Suriname: Saramaka win case in human rights court
The Saramaka are one of six Maroon peoples in the Republic of Suriname. Their ancestors were brought to Suriname in the late 17th and early 18th centuries as slaves to work in Suriname's sugar, timber, and coffee plantations.
The Saramaka live in a 9,000 square kilometre area of central Suriname. In the 1960s, a hydroelectric dam was built on their traditional land, devastating almost half of it. From the mid 1990s the government granted, without consultation or with the community’s permission, large timber and mining concessions to foreign multinationals (Indonesian, Malaysian and others), and military-backed Chinese logging companies to set up speculation sites in traditional Saramaka territory. When loggers allegedly built roads through the Saramaka territory which destroyed subsistence farms, the Saramaka arranged a community meeting to determine what they could do to protect their land. This led to the establishment of the Association of Saramaka Authorities, an organization representing an estimated 30,000 Saramaka living in 63 villages. The organization used GPS technology to document their traditional territory and the loggers' activities, despite threats that any attempt to halt logging work would result in imprisonment.
In 2000, the Saramaka filed a petition with the Inter-American Commission on Human Rights against logging activities. The Commission requested that the Suriname government stop all development projects on the Saramaka traditional land until it had concluded its investigation into the Saramaka allegations. Despite this, it was reported that the government permitted the export of tropical hardwoods, with an estimated value of at least US$11 million.
As a result the Commission referred the Saramaka case to the legally binding Inter-American Court of Human Rights (IACHR). The allegations stated that Suriname had failed to recognize the Saramaka's territorial rights, which violated national law.
Dr Robert Goodland, a former chief environment advisor to the World Bank, in his court testimony, highlighted the grave impact the development activities had had on Saramaka: “The Saramaka are a unique people and culture that are not found anywhere else in the world...if they lose more territory, it would be no exaggeration to say that they will face a substantial risk of irreparable harm to their physical and cultural integrity and survival".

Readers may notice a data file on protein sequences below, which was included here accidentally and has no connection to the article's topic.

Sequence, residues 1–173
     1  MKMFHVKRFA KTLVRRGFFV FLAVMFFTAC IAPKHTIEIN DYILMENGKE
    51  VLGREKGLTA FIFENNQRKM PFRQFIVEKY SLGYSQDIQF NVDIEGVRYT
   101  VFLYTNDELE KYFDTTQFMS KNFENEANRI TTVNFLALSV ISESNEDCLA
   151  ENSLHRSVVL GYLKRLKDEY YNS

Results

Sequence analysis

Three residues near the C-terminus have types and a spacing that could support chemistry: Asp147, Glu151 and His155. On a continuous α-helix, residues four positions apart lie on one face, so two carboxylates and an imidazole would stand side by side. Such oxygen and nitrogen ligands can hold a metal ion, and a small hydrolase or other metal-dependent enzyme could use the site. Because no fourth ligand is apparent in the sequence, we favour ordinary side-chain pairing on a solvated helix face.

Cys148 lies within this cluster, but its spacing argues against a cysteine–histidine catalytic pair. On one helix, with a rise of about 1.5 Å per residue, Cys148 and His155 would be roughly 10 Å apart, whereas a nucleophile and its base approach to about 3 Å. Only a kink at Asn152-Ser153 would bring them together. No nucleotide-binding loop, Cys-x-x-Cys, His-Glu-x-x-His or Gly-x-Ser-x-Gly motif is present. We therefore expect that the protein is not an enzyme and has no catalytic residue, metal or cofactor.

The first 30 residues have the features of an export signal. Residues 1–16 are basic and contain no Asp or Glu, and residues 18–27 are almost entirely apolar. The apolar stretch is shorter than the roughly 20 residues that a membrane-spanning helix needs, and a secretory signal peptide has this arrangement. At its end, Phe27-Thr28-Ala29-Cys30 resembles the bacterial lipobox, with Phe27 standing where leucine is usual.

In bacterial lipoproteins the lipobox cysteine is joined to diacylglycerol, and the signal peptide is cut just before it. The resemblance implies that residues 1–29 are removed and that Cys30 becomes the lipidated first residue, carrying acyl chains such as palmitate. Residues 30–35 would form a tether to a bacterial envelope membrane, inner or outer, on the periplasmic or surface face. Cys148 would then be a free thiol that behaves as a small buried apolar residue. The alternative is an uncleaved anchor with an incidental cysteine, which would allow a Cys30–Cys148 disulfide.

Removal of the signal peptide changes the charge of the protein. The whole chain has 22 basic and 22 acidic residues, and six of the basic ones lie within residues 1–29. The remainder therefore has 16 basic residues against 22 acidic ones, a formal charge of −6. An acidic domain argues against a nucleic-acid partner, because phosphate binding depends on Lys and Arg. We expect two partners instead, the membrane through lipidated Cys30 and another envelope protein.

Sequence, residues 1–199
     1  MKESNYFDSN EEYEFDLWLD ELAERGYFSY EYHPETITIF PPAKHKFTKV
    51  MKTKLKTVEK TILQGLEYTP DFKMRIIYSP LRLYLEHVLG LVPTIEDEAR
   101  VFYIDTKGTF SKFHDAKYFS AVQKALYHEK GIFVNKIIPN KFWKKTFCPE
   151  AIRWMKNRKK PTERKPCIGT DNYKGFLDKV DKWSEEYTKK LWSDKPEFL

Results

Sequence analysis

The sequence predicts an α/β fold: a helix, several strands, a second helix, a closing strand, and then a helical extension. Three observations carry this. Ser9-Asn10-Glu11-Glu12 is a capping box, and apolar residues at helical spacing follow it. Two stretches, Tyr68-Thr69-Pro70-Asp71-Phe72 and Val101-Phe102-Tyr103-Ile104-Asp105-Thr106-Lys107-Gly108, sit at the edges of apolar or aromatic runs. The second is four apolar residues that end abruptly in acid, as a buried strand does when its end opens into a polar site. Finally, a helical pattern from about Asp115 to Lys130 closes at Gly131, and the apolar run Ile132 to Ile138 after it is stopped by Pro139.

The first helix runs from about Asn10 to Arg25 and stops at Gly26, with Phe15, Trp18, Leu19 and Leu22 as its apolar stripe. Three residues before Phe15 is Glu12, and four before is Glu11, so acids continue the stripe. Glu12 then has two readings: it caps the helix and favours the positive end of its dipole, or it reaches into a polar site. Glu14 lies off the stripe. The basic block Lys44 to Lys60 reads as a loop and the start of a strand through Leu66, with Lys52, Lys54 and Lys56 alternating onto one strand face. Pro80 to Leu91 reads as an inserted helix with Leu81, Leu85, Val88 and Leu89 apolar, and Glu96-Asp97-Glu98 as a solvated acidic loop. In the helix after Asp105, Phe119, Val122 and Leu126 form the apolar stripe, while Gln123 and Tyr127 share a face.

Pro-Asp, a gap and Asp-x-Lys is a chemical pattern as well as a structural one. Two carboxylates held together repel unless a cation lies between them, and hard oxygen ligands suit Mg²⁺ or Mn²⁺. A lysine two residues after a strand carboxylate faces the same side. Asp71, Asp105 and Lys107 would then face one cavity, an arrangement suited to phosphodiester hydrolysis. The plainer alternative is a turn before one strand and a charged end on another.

In November 2007, the IACHR ruled in favour of the Saramaka and said that Suriname had "violated, to the detriment of the members of the Saramaka people, the right to property." The Saramaka were granted collective rights to their ancestral lands including rights to determine how natural resources within their territory are exploited. The Suriname government was ordered to: amend logging concessions to preserve the Saramaka's survival; grant the Saramaka free informed, and prior consent for any future development or investment projects that may relate to their territory; ensure that future projects provide sufficient environmental and social impact assessments and to adequately share any benefits deriving from related projects with the Saramaka.
In addition, the Suriname government was ordered to compensate the Saramaka for damages caused by earlier projects and the compensation was to be paid into a special development fund to be managed by the Saramaka. This was a landmark decision because the ruling stated that a (non indigenous) minority group has legal rights to the natural resources within its traditional territory.
Wanze Eduards, one of the two Saramaka who led this campaign together with S. Hugo Jabini, when receiving the Goldman Environmental Prize said: "The forest means everything to the Saramaka. From it we get our food, our medicines, our homes, everything for life...we live in the forest and with the forest." Since the ruling acted as a guarantee that the Saramaka could remain on their land, they have begun developing ecotourism and expanding the protected areas around their territory.
In 2011 the IACHR adopted a compliance order. The Court found that Suriname had not complied fully with the orders of the ruling in 2007, and that in some respects it is "in direct contravention of the Court's decision and, accordingly, of the State's international treaty obligations". The Court decided to hold a hearing on the case in 2012.
Photo by Ahron de Leeuw shows Santigron village in Suriname.
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Categories:State of the World's Minorities and Indigenous Peoples 2012
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